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Apple Supplier Foxconn experiences a Surge in Sales and Profits from MacBooks & iPads in Q2 due to COVID-19 Lockdowns

1 cover Foxconn

 

In Tim Cook's summary for fiscal Q3-20 on July 31 he stated that "We expected iPad and Mac growth to accelerate, and we saw very strong double-digit growth for these devices this quarter. This remarkable performance came in spite of supply constraints on both products. We're working hard to get more iPads and Macs into customers' hands as quickly as possible, recognizing how integral they have become to working and learning from home, providing entertainment, and staying connected with loved ones."

 

Today that played out for Apple's key manufacturing partner Hon Hai Precision Industry Co. reported profit that beat estimates after the COVID-19 lockdown boosted demand for iPads and MacBooks assembled by the flagship unit of Foxconn Technology Group.

 

Bloomberg reported that "The Taiwanese company posted net income of NT$22.9 billion (US$778 million) for the quarter ended in June, compared with the average analyst estimate of NT$18.1 billion.

 

Hon Hai is bouncing back from a record profit slump in the first quarter as production at its factories recovered and shelter-in-place orders spurred demand for home computing equipment.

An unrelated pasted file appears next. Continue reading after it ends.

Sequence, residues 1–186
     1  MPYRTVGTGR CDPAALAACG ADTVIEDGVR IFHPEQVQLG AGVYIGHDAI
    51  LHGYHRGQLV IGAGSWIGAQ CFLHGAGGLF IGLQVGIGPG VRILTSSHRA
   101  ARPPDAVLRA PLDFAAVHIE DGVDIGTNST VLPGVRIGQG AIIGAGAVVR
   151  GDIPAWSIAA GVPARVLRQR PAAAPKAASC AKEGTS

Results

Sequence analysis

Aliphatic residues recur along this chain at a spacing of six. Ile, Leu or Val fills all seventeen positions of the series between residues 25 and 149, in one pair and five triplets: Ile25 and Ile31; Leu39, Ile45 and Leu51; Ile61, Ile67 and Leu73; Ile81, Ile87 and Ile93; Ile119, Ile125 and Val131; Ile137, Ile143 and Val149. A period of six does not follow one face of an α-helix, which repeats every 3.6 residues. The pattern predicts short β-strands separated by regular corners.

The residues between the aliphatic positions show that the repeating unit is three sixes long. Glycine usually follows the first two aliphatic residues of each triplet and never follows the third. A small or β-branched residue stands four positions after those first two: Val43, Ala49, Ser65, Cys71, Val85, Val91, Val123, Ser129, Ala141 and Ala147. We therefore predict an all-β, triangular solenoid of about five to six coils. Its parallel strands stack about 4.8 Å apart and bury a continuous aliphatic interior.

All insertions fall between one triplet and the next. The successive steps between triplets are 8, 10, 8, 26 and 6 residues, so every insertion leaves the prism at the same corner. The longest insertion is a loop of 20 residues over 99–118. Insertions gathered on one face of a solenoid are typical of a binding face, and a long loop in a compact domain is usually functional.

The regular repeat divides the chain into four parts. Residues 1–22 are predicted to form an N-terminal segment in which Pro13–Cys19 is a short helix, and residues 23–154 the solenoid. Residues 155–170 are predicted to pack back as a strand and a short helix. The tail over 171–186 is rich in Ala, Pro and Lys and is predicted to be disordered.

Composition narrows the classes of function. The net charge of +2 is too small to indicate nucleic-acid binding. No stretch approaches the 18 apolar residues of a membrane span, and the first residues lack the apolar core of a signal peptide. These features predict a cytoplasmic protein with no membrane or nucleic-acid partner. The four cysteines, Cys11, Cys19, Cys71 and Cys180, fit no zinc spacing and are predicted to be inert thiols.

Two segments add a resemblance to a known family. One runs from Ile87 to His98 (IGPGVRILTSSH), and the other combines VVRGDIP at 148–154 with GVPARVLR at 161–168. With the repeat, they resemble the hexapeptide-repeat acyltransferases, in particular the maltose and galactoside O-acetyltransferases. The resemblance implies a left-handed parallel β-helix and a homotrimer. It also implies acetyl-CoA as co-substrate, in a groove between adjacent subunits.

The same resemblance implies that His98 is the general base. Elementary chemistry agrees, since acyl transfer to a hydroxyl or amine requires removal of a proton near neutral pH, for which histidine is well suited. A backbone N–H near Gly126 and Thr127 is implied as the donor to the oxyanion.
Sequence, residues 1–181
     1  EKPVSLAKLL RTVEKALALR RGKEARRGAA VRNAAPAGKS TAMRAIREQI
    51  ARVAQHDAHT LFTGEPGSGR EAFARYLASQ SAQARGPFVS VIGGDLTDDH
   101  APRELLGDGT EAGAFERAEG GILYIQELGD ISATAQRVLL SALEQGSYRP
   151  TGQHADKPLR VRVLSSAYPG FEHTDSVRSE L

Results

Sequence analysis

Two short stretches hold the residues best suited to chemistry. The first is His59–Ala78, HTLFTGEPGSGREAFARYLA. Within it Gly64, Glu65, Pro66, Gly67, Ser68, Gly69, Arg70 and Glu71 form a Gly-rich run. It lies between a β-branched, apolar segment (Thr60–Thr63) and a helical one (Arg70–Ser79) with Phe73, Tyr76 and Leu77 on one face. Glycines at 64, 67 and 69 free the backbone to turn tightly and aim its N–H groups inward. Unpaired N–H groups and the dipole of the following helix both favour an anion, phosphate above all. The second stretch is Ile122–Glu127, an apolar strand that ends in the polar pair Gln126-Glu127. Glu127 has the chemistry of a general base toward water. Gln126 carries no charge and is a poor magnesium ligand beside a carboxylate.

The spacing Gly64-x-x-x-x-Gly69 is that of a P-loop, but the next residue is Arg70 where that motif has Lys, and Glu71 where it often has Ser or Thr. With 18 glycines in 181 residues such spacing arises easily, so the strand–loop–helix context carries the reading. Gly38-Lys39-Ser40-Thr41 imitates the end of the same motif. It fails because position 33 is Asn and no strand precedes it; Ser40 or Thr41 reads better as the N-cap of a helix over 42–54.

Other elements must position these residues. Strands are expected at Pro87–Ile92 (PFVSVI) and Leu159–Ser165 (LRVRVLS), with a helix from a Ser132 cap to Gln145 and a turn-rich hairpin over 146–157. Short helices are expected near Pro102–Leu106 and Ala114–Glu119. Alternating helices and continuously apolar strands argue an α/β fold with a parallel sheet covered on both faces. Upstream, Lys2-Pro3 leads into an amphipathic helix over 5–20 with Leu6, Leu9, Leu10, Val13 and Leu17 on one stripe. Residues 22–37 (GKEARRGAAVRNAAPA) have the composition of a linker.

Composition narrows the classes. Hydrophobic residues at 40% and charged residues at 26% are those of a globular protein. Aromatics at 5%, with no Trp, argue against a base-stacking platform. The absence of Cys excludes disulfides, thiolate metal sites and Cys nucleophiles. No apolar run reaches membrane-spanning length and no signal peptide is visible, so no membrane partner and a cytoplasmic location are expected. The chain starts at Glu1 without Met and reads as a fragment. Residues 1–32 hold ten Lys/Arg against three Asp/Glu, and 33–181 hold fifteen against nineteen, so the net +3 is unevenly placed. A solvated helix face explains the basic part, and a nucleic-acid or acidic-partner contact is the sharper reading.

Foxconn has been shaking up its traditionally China-centric operations. Hon Hai is among Apple assembly partners that plan to expand operations in India, potentially helping the iPhone maker grow its presence in the country of 1.3 billion and shift some of the U.S. company’s supply chain outside of China as ties between Washington and Beijing worsen."

 

The more dramatic news from Foxconn was found in the Korea Herald today. The report noted that "A key supplier to Apple and a dozen other tech giants plans to split its supply chain between the Chinese market and the US, declaring that China’s time as factory to the world is finished because of the trade war.

 

Hon Hai Precision Industry Chairman Young Liu said it’s gradually adding more capacity outside of China, the main base of production for gadgets from iPhones to Dell desktops and Nintendo Switches.

 

The proportion outside the country is now at 30 percent, up from 25 percent last June.That ratio will rise as the company -- known also as Foxconn -- moves more manufacturing to Southeast Asia and other regions to avoid escalating tariffs on Chinese-made goods headed to US markets, Liu told reporters after his company reported financial results.

 

The knockout punch of the day was delivered by Chairman Liu when he stated that "No matter if it’s India, Southeast Asia or the Americas, there will be a manufacturing ecosystem in each" and that while China will still play a key role in Foxconn’s manufacturing empire, the country’s "days as the world’s factory are done."

 

No matter how you look at that statement, it's the Trump administration that had decided to clamp down on China for stealing US IP and other market issues that is forcing this change in the market away from China.

 

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